If we all refused to be parts of people’s lives whenever we disagreed with them, we’d soon all be pathetic geeks passing life by tapping on keyboards… :o
I say go and be clear, but undefensive, about how sincere christians disagree on what baptism is, what it does and how to treat it. You’re there to support a friend, not endorse the action. It’s not like they are sacrificing chickens here folks…
Yes, and if she feels now that she had a conversion experience…She is following NT scripture of repentance and baptism…I did the same thing and I had a pretty radical conversion experience…
Who here advised to refuse to be part of the friend/relative’s life???
Skipping one mockery, heretical “ceremony” is just that - “Sorry, as a Catholic I cannot attend, but I will pray for you and see you at lunch next Tuesday”.
No, the re-baptizer is ignoring the NT where we are taught “One Lord, One Faith, One Baptism!!!” and where Jesus gave Peter the keys, etc.
Perhaps I read this thread too quickly and I missed something… Why are you “stuck” in that faith at all. Unless someone is forcing you to be there you don’t have to be. In fact, if you believe that what they believe is heretical (in the eyes of the Church) then you shouldn’t want to spend anytime there. Chances are, the things that this Church believes contradict the Catholic Faith and the actions (such as this baptism) go agains the beliefs of the Church as well.
If you believe what the Church teaches then I suggest finding a Catholic parish, going to Mass there, and entering the RCIA program. Granted, you will not be able to receive Communion, but if you believe the Church’s teachings on the Real Presence then you have never truly received Communion anyways.
So I guess that means you only ever are allowed to be baptized one(did they need John’s baptism also)( are water and Spirit baptisms inclusive) time in your life…So someone baptized as a baby and becomes and atheist never has to repent and be baptised according to the scripture…I actually know people who have did this. Their are godly, spirit filled people. Very committed to Christ…Even Catholic friends acknowledge this in their prot. friends…
Thanks for all of your good advice. I have decided not to attend the “re-baptism” of my cousin. However, this does not mean I reject her or anything. BTW I am “stuck” in a protestant church because I’m still too young to convert on my own, so that’s that. Yet personally my faith is completely Catholic, so for now I am learning the virtue of patience.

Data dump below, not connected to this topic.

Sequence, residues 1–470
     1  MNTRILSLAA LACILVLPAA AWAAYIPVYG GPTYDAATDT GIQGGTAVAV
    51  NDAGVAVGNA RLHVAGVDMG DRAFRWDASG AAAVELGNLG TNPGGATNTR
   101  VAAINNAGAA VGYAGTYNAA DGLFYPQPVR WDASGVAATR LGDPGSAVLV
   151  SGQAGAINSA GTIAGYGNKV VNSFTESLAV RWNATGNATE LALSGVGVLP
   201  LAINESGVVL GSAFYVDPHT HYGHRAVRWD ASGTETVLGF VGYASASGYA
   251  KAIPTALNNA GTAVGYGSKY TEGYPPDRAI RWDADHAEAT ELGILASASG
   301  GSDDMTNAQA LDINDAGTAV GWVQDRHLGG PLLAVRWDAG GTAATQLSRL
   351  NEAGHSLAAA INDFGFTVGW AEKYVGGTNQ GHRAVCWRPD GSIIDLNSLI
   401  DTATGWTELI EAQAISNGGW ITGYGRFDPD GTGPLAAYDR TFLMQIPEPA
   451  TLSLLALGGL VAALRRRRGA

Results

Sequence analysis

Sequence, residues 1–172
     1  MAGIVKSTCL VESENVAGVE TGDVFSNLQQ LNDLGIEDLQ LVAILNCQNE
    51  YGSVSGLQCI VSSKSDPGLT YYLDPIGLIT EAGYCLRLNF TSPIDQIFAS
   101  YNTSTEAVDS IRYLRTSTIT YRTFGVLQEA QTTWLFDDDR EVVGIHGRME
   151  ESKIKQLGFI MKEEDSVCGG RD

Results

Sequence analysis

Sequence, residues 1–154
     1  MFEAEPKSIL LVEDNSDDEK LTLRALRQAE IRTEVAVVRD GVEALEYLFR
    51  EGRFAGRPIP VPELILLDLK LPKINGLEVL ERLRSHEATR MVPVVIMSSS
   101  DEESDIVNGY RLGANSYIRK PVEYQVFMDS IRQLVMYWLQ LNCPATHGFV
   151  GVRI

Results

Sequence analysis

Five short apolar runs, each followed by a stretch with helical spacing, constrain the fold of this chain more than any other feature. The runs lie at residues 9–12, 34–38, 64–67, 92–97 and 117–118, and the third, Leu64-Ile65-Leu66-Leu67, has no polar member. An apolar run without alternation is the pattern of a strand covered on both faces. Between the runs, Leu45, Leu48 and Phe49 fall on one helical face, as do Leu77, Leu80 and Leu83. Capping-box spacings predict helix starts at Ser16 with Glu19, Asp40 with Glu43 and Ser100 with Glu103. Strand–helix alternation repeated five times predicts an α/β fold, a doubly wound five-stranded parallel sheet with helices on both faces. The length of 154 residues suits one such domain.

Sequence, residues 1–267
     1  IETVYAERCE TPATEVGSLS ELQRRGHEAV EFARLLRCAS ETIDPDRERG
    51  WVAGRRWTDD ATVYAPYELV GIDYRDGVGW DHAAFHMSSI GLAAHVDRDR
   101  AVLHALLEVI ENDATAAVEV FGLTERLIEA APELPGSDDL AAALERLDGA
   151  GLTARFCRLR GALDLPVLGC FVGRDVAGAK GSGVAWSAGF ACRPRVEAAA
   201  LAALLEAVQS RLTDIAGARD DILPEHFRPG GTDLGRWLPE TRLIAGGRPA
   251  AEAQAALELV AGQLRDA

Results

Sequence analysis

The difference is that your understanding of baptism is strikingly different from the catholic definition. Since the very beginning of christianity, catholics have understood baptism to be a sacrament, in other words a visible/sensible manifestation of God’s Grace acting in our lives. Sacramental baptism changes the person via the Grace of God, not the merely the faith of the believer. This is why, from the beginning, entire households were baptised upon conversion (which included infants and small children). Grace is a gift from God, freely given in the sacraments and in other ways as God chooses to see fit. How we respond to it is our job.
Many protestants after Luther began to reject the idea of sacrament as an outgrowth of the idea that ‘works’ is anything with a physical manifestation to it and salvation is about faith alone. In such an understanding, baptising an infant would make no sense since the infant can’t comprehend enough to have faith. In this vision, baptism is merely an ordinance, a public statement that reflects an inner reality that has already come to be.
The two views of baptism are so different that its really a shame to use the same word for the two utterly different ideas.
Yes, that’s exactly right. Even St. Paul did not rebaptize those who had been baptized with John’s baptism; rather, he laid hands on them to give them the Holy Spirit in the Sacrament of Confirmation.
So someone baptized as a baby and becomes and atheist
Is still baptized, yes.
Baptism leaves an indelible mark on the soul that can never be erased.
never has to repent and be baptised according to the scripture.
They would repent and they would renew the graces of their Baptism in the Sacrament of Reconciliation.